Anyone who knows anything about fitness has at least heard of Mark’s Daily Apple. Or, if you’re anything like we are here at Exercise.com, you are a regular visitor to this site founded by Mark Sisson, a health and fitness expert hailing from Malibu, CA.
Mark is the man behind The Primal Blueprint, a set of simple instructions that allows you to control how your genes express themselves in order to build the strongest, leanest, healthiest body possible.
He was kind enough to impart a bit of his wisdom through this week’s blog interview.
Tell us a little bit about yourself and where you’re from.
Geographically, I originally come from New England. I was born and raised in Maine, the oldest of four siblings.
Nowadays, I reside in Malibu, CA, where I run a health, fitness, and lifestyle blog called Mark’s Daily Apple. I also write books, produce a line of supplements, and try my best to help people improve their health.
What was your reason for getting into fitness?
As a kid, I was scrawny, way too small for basketball or football, but I found success with cross-country. Since I already ran everywhere – from home to school, from school to home, through the woods in my backyard – this was the perfect fit.
I got good, too, and kept up the endurance training up to college, where I was faced with a choice: continue on into medical school or stick with the running?
I chose to keep running and eventually got pretty good at marathons, good enough to make the 1980 Olympic trials. Unfortunately, the ridiculous amount of training (100+ miles a week) required to perform at that level took its toll on my body.
I had tendinitis, arthritis, irritable bowel syndrome, and constant upper respiratory tract infections, partly because of the stress and inflammation from training and partly because of the grains and refined sugar I consumed to replenish the calories I was burning.
I tried my hand at the newly emerging sport of triathlon, thinking splitting my training up between swimming, cycling, and running would be a bit easier on my body than straight running, and I found success there for awhile.
But after placing 4th at the Kona Ironman triathlon, I had to come to grips with the fact that my training was ruining my health and quality of life. Fitness was still crucial for health, but I knew there had to be a better way to do it.
What is your primary focus in sharing with the Fitness Industry?
To help people avoid making the same health and fitness mistakes I made. Training doesn’t have to be an exercise in enduring misery. You don’t have to destroy your joints and ruin your immune system pounding out mile after mile on the road just to burn fat.
You don’t have to spend two hours in the weight room every day to build lean mass and get stronger. Fitness can be – hell, it should be – fun, and it shouldn’t detract from your life.
Experience is the greatest teacher, but no one ever said it had to be your experience in order to learn something from it. That’s my philosophy. I made the mistakes so you don’t have to.
What does your diet normally consist of? How many meals do you try to consume per day?
I eat lots of plants and animals. Generally, my plate consists of some combination of grass-fed lamb and beef, wild salmon, leafy greens, berries and other fruit in season, grass-fed butter, extra virgin olive oil, nuts, seeds, roots, tubers, and colorful vegetables.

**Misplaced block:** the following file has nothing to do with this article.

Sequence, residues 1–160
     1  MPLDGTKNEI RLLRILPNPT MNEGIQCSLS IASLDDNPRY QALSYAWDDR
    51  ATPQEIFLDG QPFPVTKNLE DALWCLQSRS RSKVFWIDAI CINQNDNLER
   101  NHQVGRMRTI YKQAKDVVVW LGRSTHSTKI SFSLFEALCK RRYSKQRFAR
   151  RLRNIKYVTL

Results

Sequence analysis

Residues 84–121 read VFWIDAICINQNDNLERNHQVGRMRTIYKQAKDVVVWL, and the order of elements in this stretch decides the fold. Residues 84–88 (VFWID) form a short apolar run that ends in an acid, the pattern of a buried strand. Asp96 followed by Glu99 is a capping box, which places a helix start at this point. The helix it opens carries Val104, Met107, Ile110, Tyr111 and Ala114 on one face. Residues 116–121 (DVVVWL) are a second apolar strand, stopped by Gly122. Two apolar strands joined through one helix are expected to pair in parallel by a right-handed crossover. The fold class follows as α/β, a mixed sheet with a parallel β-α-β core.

I avoid grains (especially wheat), legumes, processed seed oils, and refined sugar. I end up eating lots of fat, a good amount of protein, and fewer carbs.
I’ll often skip breakfast, simply because I’m not all that hungry, but I don’t go out of my way to eat a set number of meals each day.
If I’m traveling, I might go a whole day without a solid meal, while on other days I’ll eat a full three meals. I let hunger guide my eating.
What’s your favorite style of training?
I try to do as little training as possible while maintaining the strength, stamina, and mobility necessary to enjoy life.
My main goal – and I’d imagine this goes for anyone if you dig deep enough – is to enjoy life. Training shouldn’t be miserable. It shouldn’t make you hate your life. Training should be effective, sure, but that doesn’t require misery.
It requires efficiency and intensity. So, when I train, I keep my workouts either short and intense or long and slow:
Twice a week, sometimes three, I’ll strength train.
Once a week, sometimes more, sometimes less, I’ll sprint. Beach sprints, hill sprints, swim sprints. I’ve even been known to do some cycling or rowing sprints. Whatever mode I do, I make sure to move really, really fast for a short period of time.
I round it out with lots of slow moving – walking, hiking, light bike riding. I try to walk as much as possible.
My absolute favorite way to stay active is play, though. Stand up paddle boarding, snowboarding, and Ultimate Frisbee are my choices, but play can be any physical activity or sport that you love doing. Ultimately, I train so that I can play.
What’s the best fitness advice you’ve been given?
The quality of training beats quantity of training every day of the week.
Want to read more about Mark and Primal Blueprint?
Check out the books he has written filled with vast information, delicious recipes, and a wealth of inspiration that will be sure to change your whole life! Also be sure to follow him on Facebook and Twitter to get the latest updates on Mark’s Daily Apple!